You can do the same. A millennial traveler has no valid reason not to self-study. The Internet offers a gold mine of resources.

Again, boost your skills prior to your trip.

 Find Jobs Online before the Trip

I’m a money worry-wart. Knowing that my financial capabilities will soon deplete if I solely depend on it, I made sure that I have another source of income aside from the existing ones: content writing and blogging. For freelancers, traditional job boards such as Upwork and PeoplePerHour are the common place to start, but for newbies, the competition can be steep. What I did instead, I shared my story on several digital nomad groups on Facebook, hoping that doing so would lead me to the right employment. And it did!

That’s how I found my naïve foot dipped on virtual assistance. What does my job entail? I manage social media accounts.

Finding this extra job before the trip somehow appeased my financial worries. But I do not relax financially. So, I’m always on the lookout for virtual assistant and writing jobs.

Diversify Your Money

While some popular travel personalities said don’t worry about money, go, travel, I maintain my stand on “worry about your money, go, travel.” I never intend to travel until I turn seventy. I expect myself to retire from traveling sooner or later, grow some roots in one place, and spend the rest of my life gardening, reading, writing, and petting my litter.

I travel while saving for my old age. To have two VUL accounts made me grounded and less edgy. Despite being intimidated with numbers, I started my journey with stock trading. BPI and ColFinancial has a starter kit of Php5000, which allows you to take baby-steps with the volatile stock market. While you jaunt around the world, let your money grow by itself.

Remember, don’t put all your eggs in one basket. Diversify. Start small, learn the trade, and grow from there.

Start a Small Business

Our youngest is a senior high. Although I told my family that I would not be helping financially, I seeded a little online store for my sister. We sell quaint camera straps, accessories, and beach towel roundies. She manages the online store while I’m away. For every sell she made, she got most profit as her school allowance. Our little store may not be able to handle my expenses abroad, but it can surely help a family back home. In your case, it can contribute to your finances, little it may be.

If you need a quaint camera strap, bikini, or mandala roundies, get them on Yanni’s! Give us a message, and I can give you a discount!

Start a business that can be managed online. If you are passionate about something, give it a look a little longer and ask yourself, if there is a way you can monetize from that passion. In my case, I photograph prenuptials, write poetry for money (how I wish people pay me for writing them a poem or two!), I blog!

Sell Your Talent

As a poet and fictionist, I’m personally adamant about this. Artists doubt themselves more than anything else. But I sneered at the “starving artist” dictum big time. Selling one’s talent is a decent way to earn.

Despite being hesitant, I started my own writing workshops online. I provide affordable courses on writing fiction, poetry, and creative nonfiction. I made a thorough list of readings (and spent hours reading them) that would aid any potential writer to find his/her own voice. I know that it is not a very saleable course knowing most people would rather spend their money on how to make more money. But I know, one or two out there are looking for someone to share their passion with.

I also teach English online to the Japanese, Vietnamese, Chinese, Taiwanese. You know someone who is looking for a reliable online personal tutor? Have me in mind.

So if you are really good at something (I’m not sure I am) that can potentially help others in finding their passion, why not make a living out of it? It is not a crime, is it? It requires a good amount of grit and grace though.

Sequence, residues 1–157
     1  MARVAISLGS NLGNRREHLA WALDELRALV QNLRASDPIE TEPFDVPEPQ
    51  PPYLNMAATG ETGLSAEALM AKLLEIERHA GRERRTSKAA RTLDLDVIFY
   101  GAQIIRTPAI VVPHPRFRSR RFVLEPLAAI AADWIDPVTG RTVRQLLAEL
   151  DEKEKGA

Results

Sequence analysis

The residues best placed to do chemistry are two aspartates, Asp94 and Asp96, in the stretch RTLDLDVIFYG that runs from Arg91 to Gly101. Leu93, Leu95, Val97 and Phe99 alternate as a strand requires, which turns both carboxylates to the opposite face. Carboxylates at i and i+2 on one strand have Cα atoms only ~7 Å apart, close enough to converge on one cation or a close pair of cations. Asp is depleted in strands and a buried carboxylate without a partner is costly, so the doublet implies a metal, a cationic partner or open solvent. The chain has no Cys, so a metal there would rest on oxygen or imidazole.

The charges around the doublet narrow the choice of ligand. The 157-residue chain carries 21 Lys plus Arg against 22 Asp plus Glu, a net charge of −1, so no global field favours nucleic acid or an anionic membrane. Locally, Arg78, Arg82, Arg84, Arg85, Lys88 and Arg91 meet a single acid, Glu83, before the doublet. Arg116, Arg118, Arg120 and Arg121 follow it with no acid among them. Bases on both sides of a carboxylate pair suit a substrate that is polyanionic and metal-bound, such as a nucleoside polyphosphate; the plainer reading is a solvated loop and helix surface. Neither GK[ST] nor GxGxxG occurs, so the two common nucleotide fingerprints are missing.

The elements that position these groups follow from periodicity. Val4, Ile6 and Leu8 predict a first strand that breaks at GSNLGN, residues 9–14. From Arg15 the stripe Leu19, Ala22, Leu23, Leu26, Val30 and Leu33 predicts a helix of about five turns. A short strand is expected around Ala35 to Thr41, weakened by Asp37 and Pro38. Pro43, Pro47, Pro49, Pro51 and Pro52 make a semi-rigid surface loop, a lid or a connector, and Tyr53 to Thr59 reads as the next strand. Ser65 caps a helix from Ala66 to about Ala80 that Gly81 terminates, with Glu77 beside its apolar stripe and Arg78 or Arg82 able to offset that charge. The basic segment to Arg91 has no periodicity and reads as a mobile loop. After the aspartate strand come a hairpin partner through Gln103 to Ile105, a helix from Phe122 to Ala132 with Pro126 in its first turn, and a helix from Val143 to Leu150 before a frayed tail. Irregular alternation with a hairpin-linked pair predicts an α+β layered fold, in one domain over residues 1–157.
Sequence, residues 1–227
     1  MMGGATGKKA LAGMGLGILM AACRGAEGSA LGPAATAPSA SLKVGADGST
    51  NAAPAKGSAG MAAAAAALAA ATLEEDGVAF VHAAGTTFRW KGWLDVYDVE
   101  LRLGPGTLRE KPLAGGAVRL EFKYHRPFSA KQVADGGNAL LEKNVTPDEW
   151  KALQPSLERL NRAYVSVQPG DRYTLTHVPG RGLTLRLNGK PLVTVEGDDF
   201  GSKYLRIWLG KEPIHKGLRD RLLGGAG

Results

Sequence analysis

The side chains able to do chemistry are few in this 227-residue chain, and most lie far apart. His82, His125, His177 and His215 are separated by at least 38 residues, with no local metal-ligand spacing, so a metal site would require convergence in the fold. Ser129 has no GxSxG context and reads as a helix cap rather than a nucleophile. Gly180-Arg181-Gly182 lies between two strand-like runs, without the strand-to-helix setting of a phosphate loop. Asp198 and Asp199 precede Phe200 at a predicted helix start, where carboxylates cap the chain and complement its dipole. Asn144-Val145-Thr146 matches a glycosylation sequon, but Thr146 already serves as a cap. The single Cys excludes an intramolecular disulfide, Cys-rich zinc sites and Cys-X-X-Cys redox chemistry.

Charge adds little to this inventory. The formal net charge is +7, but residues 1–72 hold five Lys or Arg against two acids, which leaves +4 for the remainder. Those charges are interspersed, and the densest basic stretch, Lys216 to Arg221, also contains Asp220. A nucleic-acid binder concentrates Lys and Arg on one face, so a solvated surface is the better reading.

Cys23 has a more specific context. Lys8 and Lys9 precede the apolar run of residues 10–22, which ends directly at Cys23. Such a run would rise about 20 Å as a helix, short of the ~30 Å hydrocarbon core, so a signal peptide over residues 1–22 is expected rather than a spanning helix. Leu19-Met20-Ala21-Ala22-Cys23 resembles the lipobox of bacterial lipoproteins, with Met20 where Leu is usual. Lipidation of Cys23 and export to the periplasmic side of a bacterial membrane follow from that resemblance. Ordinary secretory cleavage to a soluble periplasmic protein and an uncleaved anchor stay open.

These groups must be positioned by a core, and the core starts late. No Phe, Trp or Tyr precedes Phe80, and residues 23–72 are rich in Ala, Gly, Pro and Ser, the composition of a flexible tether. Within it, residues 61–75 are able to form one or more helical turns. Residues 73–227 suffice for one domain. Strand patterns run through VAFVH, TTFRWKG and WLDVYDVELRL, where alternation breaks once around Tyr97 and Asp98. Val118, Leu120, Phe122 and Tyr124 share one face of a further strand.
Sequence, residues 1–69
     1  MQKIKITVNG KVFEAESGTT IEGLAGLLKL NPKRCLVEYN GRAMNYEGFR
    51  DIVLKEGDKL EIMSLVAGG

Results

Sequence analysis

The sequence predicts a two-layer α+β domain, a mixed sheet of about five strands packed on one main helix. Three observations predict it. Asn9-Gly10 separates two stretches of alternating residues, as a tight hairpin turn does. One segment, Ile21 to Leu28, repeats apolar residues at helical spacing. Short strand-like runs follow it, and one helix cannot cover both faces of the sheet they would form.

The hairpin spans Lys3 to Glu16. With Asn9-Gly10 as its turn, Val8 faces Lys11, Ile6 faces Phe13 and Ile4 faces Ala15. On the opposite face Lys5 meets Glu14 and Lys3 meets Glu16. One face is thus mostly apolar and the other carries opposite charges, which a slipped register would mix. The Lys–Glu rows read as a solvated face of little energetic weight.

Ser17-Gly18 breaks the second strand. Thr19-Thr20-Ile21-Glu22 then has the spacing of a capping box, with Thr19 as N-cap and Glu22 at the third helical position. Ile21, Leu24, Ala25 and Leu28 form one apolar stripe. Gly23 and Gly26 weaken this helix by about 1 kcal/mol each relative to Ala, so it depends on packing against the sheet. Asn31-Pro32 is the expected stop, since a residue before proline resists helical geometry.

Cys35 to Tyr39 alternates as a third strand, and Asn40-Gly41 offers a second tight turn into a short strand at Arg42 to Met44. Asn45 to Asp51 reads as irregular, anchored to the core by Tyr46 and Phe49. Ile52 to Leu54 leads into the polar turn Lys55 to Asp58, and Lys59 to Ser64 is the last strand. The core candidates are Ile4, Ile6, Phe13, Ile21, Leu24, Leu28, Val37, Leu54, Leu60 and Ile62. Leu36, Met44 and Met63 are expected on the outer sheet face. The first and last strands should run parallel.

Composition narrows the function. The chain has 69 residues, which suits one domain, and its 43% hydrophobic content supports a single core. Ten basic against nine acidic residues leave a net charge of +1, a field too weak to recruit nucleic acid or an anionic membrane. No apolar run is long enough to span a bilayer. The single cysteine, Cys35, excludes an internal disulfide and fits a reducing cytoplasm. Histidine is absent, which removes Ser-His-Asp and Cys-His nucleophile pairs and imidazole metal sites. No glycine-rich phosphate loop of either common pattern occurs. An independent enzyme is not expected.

Sell What Must Be Sold

Prior to my trip, I only owned two huge bookshelves, a writing table, two wooden chairs, two thin mattresses, three pots and a pan, five cups, and some secondhand quaint Japanese teacups and plates. I owned around a thousand books and several secondhand dresses.

Five cats enslaved and owned me. I could not possibly let go of my litter and my books, but I managed to find a buyer for my bookshelves, chairs, and writing table. If I had had ample time, I could have sold the dresses I bought from a nearby ukay-ukay store and some books I wouldn’t find myself reading or rereading in the future.

My tip? Provide enough time for your transition. Sell what must be sold a month or so before your trip. If you have pets like I do, find them a new home and let them settle down before leaving. If you live alone, bring some stuff to your parents’ place (books, kitchenware) everytime you visit them, so the bulk of moving out is hardly felt on the last remaining days.

Grow Some Courage

 No amount of punctual and religious preparation can surpass the stress and burden of moving out and leaving for your year-long trip. A long line of what ifs would tail you until you reach the airport and line up for the immigration.

What I felt was a mixture of anxiety and sadness. To feel sad is perfectly all right, I think. I know I would miss the people I spent, dined, drank, and shared my love for literature with. I would miss the ruckus at home. I would miss my cats. Above all, I would miss my favorite Filipino dishes.

And perhaps you would too. But grow some courage. You wanted to travel. You ached for experiences. You ached for stories. You ached for the open road. Give it a try. As what Anais Nin said, “Life shrinks or expands in proportion to one’s courage.”

Let your courage grow some more.

How about you? What are your doubts and fears? What is your story? I would love to read them. Leaving one’s country for an indefinite period of time could be stressful. The preparation is the most stressful. How do you cope with it?

Jona of Backpacking with a Book

Hi there, I’m Jona, originally from Cebu, Philippines, had live in Hanoi, Vietnam, and now currently based in Munich, Germany. This blog used to house thoughts on life and books, but eventually it morphed into a travel blog. For collaborations, projects, and other things, please email me at backpackingwithabook@gmail.com. For essays, creative nonfiction, and others, find me elsewhere.

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  1. Teesh says:

    Congrats, Jona! I personally don’t plan on traveling long term but I agree that while traveling is fun, one should also be practical. I cannot wait to read about your travels. 7 countries in 7 months, wow!

  2. Mark Atong says:

    This is inspiring! I have just started a website myself which I made as an online journal. Your tips are practical and downright attainable. I own a lot of books too and I just could not, in good conscience, sell them.